This is a discussion on Paying Taxes on Poker Winnings in USA within the online poker forums, in the General Poker section; I've always wondered how this works, does anyone know? I want to lay out 2 scenarios and I wonder how they would work and how
I've always wondered how this works, does anyone know? I want to lay out 2 scenarios and I wonder how they would work and how they would be different.
Say I lived in New Jersey and played poker on PokerStars full time and made say $100,000 in profits a year. Since online poker is legal and regulated here, then you can declare this as your official income and pay taxes on it right? (Side question, how much would I pay in taxes for this amount?)
Now say I lived somewhere else in the USA where online poker isn't specifically made legal, and I needed to play on Ignition or Americas Card Room. Could I declare my winnings on one of these sites as my official income and pay taxes on it legally? Or would this not be legal, and you would have to like keep this money under the table/away from the government somehow? Does anyone know this? I've always wondered. (By the way I make literally $0 so far so this isn't a problem for me lmao. I'm currently still a losing player at the micro stakes.)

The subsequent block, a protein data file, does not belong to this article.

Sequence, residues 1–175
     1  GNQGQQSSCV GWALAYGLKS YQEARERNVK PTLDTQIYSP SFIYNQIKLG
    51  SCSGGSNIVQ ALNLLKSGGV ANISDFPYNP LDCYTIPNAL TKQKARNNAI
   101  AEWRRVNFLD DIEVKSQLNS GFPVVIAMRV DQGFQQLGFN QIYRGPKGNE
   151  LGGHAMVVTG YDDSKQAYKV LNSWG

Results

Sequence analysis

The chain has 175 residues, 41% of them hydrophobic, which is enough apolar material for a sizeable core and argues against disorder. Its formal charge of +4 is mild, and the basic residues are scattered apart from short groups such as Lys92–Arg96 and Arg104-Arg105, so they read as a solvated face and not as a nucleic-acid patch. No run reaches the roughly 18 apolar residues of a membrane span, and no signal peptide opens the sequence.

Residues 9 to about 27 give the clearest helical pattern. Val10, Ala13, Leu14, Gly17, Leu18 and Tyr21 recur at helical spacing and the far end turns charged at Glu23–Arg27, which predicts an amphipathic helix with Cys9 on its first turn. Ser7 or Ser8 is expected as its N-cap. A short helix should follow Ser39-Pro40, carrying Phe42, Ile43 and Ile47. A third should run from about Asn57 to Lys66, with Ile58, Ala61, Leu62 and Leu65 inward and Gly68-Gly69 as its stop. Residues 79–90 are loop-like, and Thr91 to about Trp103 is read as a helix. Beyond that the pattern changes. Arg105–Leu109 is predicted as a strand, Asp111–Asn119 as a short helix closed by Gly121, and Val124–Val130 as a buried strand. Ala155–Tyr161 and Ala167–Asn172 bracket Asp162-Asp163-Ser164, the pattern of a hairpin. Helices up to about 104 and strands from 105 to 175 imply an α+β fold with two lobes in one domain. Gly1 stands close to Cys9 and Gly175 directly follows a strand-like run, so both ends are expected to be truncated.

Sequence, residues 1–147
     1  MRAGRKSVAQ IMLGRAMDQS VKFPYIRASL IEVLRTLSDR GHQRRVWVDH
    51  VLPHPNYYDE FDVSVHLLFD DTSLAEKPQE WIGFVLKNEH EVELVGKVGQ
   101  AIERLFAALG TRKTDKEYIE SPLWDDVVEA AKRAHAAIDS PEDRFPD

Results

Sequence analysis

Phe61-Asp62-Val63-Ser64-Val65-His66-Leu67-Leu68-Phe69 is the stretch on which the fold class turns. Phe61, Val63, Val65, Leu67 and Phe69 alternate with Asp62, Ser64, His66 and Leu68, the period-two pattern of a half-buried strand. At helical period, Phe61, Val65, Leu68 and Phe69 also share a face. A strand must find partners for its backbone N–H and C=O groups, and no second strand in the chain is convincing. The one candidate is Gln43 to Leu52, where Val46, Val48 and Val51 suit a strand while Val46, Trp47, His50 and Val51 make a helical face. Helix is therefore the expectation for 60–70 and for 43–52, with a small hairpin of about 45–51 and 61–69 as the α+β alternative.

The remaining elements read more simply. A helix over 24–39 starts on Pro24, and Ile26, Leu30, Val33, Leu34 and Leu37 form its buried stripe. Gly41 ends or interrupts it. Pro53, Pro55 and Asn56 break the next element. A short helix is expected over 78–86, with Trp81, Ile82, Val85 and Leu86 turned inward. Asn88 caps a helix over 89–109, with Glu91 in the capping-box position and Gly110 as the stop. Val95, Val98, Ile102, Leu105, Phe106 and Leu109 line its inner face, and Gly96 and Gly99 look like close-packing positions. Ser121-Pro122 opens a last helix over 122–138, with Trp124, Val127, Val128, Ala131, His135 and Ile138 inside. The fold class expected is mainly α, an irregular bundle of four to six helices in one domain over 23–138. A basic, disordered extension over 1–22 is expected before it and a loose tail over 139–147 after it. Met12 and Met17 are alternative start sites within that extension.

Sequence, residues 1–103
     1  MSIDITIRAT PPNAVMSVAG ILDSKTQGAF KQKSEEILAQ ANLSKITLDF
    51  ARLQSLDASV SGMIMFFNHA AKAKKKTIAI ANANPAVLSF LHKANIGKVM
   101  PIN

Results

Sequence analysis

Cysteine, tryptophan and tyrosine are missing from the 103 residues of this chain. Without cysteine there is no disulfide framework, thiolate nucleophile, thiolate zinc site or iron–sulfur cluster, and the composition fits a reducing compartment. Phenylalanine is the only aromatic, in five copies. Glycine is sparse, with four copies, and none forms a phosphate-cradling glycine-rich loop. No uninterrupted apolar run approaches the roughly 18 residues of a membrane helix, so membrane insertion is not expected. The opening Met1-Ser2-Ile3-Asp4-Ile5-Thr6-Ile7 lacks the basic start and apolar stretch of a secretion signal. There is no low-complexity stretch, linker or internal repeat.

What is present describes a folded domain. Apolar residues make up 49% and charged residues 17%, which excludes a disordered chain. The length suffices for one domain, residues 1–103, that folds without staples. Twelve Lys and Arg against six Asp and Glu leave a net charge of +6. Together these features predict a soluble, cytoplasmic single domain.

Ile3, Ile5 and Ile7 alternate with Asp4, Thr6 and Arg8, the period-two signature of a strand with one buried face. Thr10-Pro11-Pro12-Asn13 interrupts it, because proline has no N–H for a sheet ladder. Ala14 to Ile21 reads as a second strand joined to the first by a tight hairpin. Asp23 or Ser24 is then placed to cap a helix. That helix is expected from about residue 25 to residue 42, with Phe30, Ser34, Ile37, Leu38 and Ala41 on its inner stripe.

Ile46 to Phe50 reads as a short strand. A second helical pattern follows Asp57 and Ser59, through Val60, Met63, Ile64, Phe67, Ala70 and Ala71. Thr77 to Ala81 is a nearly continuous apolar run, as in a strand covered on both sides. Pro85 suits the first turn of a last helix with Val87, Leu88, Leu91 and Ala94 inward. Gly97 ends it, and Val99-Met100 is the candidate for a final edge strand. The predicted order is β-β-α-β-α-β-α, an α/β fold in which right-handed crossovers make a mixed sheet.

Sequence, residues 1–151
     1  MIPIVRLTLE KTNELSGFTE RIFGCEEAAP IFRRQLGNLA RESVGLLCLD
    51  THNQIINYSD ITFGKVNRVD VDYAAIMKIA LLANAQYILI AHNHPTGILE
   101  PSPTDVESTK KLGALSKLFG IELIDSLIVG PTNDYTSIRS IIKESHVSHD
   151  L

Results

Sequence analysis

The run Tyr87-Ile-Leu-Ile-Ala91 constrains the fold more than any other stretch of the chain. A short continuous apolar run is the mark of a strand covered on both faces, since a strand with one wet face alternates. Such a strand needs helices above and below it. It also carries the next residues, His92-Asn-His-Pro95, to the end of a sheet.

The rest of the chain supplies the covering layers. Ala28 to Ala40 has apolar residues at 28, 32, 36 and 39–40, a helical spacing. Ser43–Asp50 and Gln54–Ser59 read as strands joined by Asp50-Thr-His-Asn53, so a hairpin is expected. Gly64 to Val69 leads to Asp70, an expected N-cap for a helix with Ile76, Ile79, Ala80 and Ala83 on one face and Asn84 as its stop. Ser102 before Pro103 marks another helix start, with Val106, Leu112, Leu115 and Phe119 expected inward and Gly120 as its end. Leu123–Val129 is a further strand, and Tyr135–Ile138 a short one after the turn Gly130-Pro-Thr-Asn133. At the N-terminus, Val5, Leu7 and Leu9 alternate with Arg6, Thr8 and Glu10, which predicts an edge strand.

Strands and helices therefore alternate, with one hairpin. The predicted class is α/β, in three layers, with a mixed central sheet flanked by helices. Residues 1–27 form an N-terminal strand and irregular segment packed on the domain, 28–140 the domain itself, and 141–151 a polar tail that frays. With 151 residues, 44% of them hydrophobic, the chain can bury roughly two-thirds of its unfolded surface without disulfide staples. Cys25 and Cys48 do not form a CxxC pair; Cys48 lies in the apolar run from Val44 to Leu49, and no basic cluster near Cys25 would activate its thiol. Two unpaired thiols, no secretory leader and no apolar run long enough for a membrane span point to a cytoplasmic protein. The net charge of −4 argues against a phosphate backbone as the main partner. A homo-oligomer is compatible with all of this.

If I am not mistaken, this site is a poker site.You may need to rethink where you post these tax questions.
Hummmm....... maybe a income tax forum or better yet a forum for accountants.
Good luck with that .
This is definitely a poker related question dude, come on. Sure ACR is available for people to play in the US, but can it actually be your official full time job according to the government. Someone here should have some insight on this I'm sure of it.
I've declared winnings from poker before. After winning a big tournament. Didn't want to risk irs trouble. But if you want to declare poker as income then you need to register as a professional gambler and keep track of everything. Otherwise you are declaring gambling winnings which is a little different. Think that's how it works anyway
Having played in Vegas and meeting professionals, based on their lifestyle I would not declare anything for taxes. Keep your chits, restaurant receipts, track your time at the tables and so on. This way you can write certain items off as expenses in case you are audited for some reason.